Atrioventricular nodal reentry tachycardia (AVNRT)
Atrioventricular nodal reentry tachycardia (AVNRT) is a type of irregular heartbeat, also called an arrhythmia. It is the most common type of supraventricular tachycardia.
People with AVNRT have an irregularly fast heartbeat that often starts and ends suddenly. In AVNRT, the heart beats more than 100 times a minute. The condition is due to a change in heart signaling. There is an extra pathway for heart signals to travel, called a reentrant circuit. That extra pathway causes the heart to beat too early.
AVNRT tends to occur more often in young women. But anyone can have it at any age. AVNRT may not need treatment. When recommended, treatment may include specific actions or movements, medicines, or a heart procedure.
Tests used to diagnose atrioventricular nodal reentry tachycardia (AVNRT) may include:
- Blood tests to see how well the thyroid is working and to check for heart disease or other conditions that may trigger an irregular heartbeat.
- Electrocardiogram (ECG) to check the electrical activity of the heart and look at the heartbeat.
- Holter monitor, a heart monitor that you wear during everyday activities, usually for 1 to 2 days. This monitor can find irregular or fast heartbeats that might not occur during a standard electrocardiogram (ECG).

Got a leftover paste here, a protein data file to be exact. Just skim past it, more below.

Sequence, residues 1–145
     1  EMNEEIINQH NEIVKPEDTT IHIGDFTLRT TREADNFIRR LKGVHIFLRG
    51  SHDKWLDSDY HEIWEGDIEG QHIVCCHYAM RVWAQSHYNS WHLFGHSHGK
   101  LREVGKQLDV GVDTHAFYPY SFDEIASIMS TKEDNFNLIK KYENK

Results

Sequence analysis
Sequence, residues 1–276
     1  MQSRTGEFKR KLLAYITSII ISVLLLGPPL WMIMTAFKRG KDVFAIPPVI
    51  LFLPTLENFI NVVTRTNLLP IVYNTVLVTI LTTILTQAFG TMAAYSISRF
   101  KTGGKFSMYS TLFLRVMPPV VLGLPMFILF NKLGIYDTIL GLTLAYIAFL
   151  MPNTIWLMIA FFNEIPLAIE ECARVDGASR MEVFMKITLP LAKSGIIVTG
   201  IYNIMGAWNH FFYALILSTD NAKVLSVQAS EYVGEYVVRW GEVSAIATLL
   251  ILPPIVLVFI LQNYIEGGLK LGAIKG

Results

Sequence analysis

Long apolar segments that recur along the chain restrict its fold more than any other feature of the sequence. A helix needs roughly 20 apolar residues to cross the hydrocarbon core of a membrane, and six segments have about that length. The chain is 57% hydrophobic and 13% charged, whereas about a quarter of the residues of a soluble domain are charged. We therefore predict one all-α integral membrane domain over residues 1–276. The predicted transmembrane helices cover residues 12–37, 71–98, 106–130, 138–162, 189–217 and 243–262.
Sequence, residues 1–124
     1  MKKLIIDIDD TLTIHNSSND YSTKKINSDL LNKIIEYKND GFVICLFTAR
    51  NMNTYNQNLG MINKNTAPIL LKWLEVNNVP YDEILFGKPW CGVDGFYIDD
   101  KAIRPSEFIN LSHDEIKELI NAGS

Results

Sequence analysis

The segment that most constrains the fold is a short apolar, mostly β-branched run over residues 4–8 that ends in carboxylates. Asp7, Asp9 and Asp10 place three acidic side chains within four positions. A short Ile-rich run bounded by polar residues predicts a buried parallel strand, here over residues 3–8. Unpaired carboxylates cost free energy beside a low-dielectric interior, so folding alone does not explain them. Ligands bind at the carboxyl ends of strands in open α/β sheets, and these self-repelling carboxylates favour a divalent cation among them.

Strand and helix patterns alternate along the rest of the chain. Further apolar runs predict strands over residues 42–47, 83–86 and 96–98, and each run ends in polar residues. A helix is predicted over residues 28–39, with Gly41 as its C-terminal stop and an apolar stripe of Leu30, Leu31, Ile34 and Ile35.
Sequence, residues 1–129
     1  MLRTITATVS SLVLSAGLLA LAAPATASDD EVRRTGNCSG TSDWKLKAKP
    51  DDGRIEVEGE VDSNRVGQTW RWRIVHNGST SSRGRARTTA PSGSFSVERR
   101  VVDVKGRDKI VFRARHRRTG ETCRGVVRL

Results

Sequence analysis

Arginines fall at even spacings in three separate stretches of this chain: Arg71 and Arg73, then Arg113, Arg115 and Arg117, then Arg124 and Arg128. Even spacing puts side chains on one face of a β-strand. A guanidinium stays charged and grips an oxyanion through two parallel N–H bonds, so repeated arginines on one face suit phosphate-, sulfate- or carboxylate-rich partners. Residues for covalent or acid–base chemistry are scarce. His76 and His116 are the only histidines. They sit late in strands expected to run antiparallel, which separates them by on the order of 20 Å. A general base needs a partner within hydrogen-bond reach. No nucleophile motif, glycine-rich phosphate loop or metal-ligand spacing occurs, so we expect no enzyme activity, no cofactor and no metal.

- Echocardiogram, which uses sound waves to make pictures of the heart's size, structure and motion.
A healthcare professional might try to trigger AVNRT with other tests, which may include:
- Exercise stress test, which is typically done on a treadmill or stationary bicycle while the heart activity is watched.
- Electrophysiological study and cardiac mapping, which can show exactly where in the heart an irregular heartbeat starts.
Most people with atrioventricular nodal reentry tachycardia (AVNRT) don't need treatment. But if the fast heartbeat occurs often or lasts a long time, treatment may be needed. Treatment for AVNRT may include:
- Vagal maneuvers. Simple but specific actions such as coughing, bearing down as if having a bowel movement, gently massaging the main artery in the neck or putting an ice pack on the face can help slow down the heart rate. These actions affect the vagus nerve, which helps control the heartbeat.
- Cardioversion. Paddles or patches on the chest are used to electrically shock the heart and help reset the heart rhythm. Cardioversion is typically used when vagal maneuvers and medicines don't work.
- Medicines. If the fast heartbeat happens frequently, your healthcare professional may prescribe medicines to slow or control your heart rate.
- Catheter ablation. This treatment may be suggested if medicines don't work or if their side effects are too bothersome. A doctor inserts thin, flexible tubes called catheters through the veins or arteries, usually in the groin. Sensors on the tip of the catheter use heat or cold energy to create tiny scars in the heart. The scars block irregular electrical signals and restore a typical heartbeat.